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DrRalston, Dog Veterinarian
Category: Dog Veterinary
Satisfied Customers: 2205
Experience:  Over twelve years of internal medicine, surgery, and preventive care.
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My dog is a 14 year old chocolate lab. She has not eaten

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My dog is a 14 year old chocolate lab. She has not eaten her dog food since Sunday. She has only eaten a little each day, our scraps. She is incontinent and has been on medication for years (10 Years). On Tuesday she wet herself every time she slept so I increased her dosage so that has helped. Last night she vomited and then had the dry heaves. I gave her little bit of cooked rice and chicken, knowing she hasn't eaten much and she kept it down. She has now kind of collapsed twice when she is trying to lay down, it looks like her legs give out beneath her. Her legs look like they go stiff. She lays there and eventually falls asleep. She is able to walk once she wakes up. She is still drinking water. Not sure what I should do other than make her comfortable.
I am sorry to hear about Kylie.

Unfortunately, it definitely sounds like she is in a bad spot. She hasn't eaten her food for a week, how often do Labs do that? Not often at all. She probably feels terrible and doesn't want to eat because of it. She will still eat the scraps because these are really great treats to her and a reward. Also, it is special because it is coming from you and she wouldn't want to let you down.

She is vomiting, but nothing is coming up because she isn't eating. It is likely that she is really really feeling sick, and she isn't comfortable at all. Her legs are giving out on her, she is weak.

There is nothing left for you to do at home. To make her comfortable you are going to need to visit the hospital. Doesn't that seem like the right thing to do? I realize that she is old. Average lifespan for these guys based on my experience is 12-16 years, and most fall at that eariler number.

There could be so much going on with her causing the nausea, vomiting, weakness, lack of appetite that it isn't worth me noting it here. Diabetes, liver disease, kidney issues, infections, heart problems, severe arthritis, all on my list. But, nothing can be diagnosed if tests aren't done.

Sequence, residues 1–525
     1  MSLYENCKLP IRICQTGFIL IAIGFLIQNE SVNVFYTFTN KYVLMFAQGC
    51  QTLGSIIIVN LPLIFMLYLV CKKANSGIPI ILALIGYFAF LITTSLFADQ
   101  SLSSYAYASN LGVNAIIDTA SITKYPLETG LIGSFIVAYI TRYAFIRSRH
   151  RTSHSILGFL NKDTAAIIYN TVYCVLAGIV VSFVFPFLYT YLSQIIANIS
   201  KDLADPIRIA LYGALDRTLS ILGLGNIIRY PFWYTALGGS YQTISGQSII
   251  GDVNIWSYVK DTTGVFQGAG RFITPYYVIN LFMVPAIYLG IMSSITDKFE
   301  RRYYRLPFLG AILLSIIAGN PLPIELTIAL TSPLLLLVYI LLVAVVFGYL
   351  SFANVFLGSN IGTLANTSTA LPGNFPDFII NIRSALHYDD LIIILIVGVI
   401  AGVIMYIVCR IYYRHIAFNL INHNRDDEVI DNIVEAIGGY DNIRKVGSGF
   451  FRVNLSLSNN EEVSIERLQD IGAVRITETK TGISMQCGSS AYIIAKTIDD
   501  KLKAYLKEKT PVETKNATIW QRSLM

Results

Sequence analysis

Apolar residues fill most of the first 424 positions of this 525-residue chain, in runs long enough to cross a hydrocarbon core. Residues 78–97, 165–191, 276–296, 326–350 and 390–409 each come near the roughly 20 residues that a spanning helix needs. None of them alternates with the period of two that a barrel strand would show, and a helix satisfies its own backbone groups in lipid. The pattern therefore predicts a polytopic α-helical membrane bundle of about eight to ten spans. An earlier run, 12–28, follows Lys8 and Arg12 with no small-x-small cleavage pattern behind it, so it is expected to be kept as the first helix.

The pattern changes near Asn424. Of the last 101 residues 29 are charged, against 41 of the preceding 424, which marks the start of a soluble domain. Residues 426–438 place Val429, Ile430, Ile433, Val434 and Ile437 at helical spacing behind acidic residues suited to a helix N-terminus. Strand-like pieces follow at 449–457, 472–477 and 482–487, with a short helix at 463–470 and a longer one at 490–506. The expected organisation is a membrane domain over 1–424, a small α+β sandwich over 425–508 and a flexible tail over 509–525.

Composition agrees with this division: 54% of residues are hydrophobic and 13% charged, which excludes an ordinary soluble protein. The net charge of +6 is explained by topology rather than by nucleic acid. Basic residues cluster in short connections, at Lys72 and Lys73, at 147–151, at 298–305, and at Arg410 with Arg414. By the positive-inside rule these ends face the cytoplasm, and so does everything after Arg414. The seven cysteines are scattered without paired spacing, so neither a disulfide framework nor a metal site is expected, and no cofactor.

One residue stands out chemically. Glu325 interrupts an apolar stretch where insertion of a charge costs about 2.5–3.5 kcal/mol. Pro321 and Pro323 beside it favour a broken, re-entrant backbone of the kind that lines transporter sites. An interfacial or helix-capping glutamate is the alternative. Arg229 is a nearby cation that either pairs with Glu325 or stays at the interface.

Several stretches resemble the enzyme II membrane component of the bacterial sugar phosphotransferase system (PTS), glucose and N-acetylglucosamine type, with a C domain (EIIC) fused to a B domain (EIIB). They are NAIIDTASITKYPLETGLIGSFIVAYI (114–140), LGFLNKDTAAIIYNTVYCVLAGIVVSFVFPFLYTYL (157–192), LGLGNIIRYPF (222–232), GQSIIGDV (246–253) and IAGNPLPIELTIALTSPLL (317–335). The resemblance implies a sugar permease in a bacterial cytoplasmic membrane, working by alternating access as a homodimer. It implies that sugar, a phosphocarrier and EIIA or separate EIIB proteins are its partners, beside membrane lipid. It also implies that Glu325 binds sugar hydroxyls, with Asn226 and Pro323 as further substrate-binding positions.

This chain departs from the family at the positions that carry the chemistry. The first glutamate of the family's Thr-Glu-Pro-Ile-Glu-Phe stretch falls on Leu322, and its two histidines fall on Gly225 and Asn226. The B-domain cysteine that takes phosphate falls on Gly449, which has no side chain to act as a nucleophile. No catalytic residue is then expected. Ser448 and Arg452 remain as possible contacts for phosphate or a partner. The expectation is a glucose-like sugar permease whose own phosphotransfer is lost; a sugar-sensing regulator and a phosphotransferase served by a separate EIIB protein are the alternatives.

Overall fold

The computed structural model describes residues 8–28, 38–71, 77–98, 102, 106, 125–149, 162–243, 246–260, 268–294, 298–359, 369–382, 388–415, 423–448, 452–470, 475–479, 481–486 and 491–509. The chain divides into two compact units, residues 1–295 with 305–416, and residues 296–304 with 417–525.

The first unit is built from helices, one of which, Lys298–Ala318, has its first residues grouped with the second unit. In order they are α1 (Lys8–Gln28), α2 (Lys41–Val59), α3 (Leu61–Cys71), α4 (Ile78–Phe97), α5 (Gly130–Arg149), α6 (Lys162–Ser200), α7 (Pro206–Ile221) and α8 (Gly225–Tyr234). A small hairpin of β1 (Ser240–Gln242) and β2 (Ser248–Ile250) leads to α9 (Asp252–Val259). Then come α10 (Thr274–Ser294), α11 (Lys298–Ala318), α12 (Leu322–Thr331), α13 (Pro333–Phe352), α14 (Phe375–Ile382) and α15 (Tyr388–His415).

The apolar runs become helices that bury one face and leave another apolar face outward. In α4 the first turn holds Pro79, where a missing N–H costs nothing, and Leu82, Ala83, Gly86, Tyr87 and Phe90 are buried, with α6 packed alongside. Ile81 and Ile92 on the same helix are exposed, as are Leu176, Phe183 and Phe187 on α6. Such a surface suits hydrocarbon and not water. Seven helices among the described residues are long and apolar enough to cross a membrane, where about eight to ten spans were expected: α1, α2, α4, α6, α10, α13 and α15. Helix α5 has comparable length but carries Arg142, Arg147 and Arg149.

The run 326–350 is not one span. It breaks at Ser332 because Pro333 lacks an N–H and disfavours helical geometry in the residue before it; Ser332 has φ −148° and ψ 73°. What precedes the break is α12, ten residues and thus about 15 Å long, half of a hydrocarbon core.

Truly, it sounds like it might be getting time to let her go?

It is always hard to decide what is best for the pet. I think often pet parents, especially after the death of another pet, are concerned about waiting too long to make the decision. I think people fear often that they are being selfish about their decision.

I don't think that is the case. I think that it is VERY difficult decision to make. WE understand as Vets that it is the hardest thing for an owner to do. Consequently, it is also the hardest for us as well. Sometimes it is the best answer, and truthfully, only you can know for sure.

But I am sure that you know her better than ANYONE, and you will know if it is time for her or not.

The decision to euthanize is based on these questions: Is she still happy to see everyone. Is she interacting with the family or would she rather be left alone. Can she get up? Can she urinate and defecate on her own, or is she soiling herself? Is she eating, and holding food down? Does she seem herself?

One thing is certain, that she will continue to feel worse as her time nears. Sometimes it is better to let them go before they feel worse.
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Hi Marla,

I'm just following up on our conversation about Kylie. How is everything going?